People We Should Know, #10 – Alicia De Larrocha

     Music is a universal medium that immediately explains the unique colors and emotions of all of humanity in a way no other language could. What separates us in our dialects, grammatical contexts and difficult verb tenses and behaviors, is brought together by the brilliant translators of the language of music. One such legendary translator was the diminutive bundle of piano genius, Alicia De Larrocha, and one of Ramparts’ People We Should Know.
     Alicia De Larrocha was a magnificent interpreter of a wide spectrum of classic music, but what she brought to the world more than anything was a appropriate recognition of the under-appreciated works of composers of Spanish dialect. Prior to artists like Segovia and De Larrocha, the streams and colors of music consciousness that reflected the Latin psyche were interpreted by foreigners with only superficial grasp, such as Rimsky Korsakov’s Capriccio Espanol or Edouard Lalo’s Symphonie Espagnole. De Larrocha, proud of her Spanish heritage and immersed in the two thousand year latin vein of culture, promoted to appropriate status superb Spanish composers such as Isaac Albeniz, Enrique Granados, and Manuel De La Falla to an appreciative public who recognized the unique rhythms and musical pallet than can be created only by those who are intimate with the cultural identity.
     De Larrocha was born in Barcelona, Spain in 1923, the daughter of pianists, and took to the keyboard instrument with such visible talent that she publicly performed at age six and was a concert pianist by age eleven. Under five feet tall and with tiny hands, typically a physical barrier to performing the great piano works, De Larrocha used her special flexibility and reflexes to conquer the works of titans such as Beethoven and Rachmaninoff to the enraptured satisfaction of audiences worldwide. Once she established her credentials as a leading virtuoso of the keyboard in the twentieth century, she took advantage of the limelight to expose the listening public to the works of Spanish composers and helped create a renaissance in appreciation for Spanish culture at a time when the mighty reach of Spain had crumbled to backwater status in Europe.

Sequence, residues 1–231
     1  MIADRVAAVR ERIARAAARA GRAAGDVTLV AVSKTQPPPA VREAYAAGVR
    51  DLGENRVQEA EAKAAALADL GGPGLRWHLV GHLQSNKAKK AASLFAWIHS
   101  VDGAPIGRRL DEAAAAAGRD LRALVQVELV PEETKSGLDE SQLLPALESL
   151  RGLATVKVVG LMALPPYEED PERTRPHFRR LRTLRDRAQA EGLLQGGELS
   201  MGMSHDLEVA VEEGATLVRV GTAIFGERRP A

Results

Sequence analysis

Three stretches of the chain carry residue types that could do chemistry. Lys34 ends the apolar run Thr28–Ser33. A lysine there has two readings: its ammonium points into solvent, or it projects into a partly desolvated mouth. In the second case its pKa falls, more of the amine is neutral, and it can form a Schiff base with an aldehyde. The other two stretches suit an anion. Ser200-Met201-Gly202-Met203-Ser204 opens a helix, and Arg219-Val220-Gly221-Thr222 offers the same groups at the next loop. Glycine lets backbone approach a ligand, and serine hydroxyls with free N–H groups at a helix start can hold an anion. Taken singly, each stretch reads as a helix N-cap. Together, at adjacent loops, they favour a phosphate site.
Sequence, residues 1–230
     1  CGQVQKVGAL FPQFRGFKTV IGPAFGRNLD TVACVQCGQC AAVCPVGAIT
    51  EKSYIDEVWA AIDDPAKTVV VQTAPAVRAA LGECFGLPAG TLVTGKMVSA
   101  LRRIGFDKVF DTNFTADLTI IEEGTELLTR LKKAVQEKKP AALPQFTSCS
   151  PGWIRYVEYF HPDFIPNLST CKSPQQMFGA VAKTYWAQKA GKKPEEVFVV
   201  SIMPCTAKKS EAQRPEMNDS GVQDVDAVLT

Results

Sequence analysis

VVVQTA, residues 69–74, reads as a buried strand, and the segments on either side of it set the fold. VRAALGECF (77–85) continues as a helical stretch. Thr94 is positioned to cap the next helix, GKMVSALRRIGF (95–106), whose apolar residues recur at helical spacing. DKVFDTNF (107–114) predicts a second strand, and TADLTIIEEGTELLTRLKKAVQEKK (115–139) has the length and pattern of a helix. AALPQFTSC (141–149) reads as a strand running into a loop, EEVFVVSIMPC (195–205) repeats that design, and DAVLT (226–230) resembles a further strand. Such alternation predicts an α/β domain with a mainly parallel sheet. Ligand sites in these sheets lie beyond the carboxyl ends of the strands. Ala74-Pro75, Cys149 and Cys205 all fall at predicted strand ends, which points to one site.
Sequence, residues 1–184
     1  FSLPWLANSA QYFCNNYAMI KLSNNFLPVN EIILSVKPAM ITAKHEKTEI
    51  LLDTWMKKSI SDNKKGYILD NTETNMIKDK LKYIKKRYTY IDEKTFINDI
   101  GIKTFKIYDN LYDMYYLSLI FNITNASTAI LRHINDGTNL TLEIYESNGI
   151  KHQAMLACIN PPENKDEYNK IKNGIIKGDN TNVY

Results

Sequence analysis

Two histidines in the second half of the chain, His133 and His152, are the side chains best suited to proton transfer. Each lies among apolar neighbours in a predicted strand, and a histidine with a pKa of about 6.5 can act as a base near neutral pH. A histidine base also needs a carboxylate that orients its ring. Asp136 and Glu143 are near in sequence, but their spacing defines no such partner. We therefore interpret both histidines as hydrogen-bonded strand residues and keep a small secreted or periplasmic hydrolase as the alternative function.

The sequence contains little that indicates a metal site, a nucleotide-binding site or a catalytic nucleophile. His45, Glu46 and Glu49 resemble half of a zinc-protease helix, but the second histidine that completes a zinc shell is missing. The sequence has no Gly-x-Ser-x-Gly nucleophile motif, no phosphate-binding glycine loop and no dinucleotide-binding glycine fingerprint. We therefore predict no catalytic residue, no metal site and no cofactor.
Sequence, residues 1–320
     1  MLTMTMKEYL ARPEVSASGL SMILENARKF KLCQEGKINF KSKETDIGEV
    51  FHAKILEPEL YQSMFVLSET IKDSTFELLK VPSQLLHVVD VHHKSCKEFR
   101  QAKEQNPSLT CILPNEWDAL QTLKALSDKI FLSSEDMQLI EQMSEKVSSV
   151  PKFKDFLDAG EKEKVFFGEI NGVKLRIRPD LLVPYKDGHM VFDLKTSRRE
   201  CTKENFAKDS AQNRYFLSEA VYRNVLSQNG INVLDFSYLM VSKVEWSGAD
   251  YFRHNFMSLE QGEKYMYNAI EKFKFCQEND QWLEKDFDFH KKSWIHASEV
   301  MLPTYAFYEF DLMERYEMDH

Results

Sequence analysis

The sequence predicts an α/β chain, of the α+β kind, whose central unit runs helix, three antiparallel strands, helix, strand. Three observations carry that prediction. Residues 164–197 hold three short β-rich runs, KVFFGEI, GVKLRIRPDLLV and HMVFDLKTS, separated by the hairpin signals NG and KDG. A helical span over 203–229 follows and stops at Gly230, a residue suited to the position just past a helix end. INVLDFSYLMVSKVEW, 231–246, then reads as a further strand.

The works of De Falla, Granados, and Albeniz are now an essential impressionistic part of any modern pianist’s recital repertoire. Alicia De Larrocha’s performances are the standard to be compared against with her perfect rhythmic balance of the peculiar off beat dangers of the Spanish dances such as the tango and her understanding of the unique cultural Spanish tensions created by underlying Moorish influences. The size of the musical picture painted by De Larrocha’s tiny hands is a juxtaposition only a savant can create, and tiny De Larrocha easily stood with the giants of her time, Vladimir Horowitz, Artur Rubenstein, Rudolph Serkin, and Edwin Fischer, and Claudio Arrau.
     Alicia De Larrocha was a eminent ambassador of Spain, promoting the binding nature of music the world over. Her death in 2009 silenced a tiny but powerful force for good and healing in a world that fights every day to understand each other, and her vitality in that calling lives on through her wondrous music.

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One Response to People We Should Know, #10 – Alicia De Larrocha

  1. lisilisin says:

    I’m agree with you. Alicia de Larrocha is one of the people we should know. She was a great MUSICIAN, a great PIANIST and a great PERSON.
    I recomend her official website: http://www.aliciadelarrocha.com (full of information about her).

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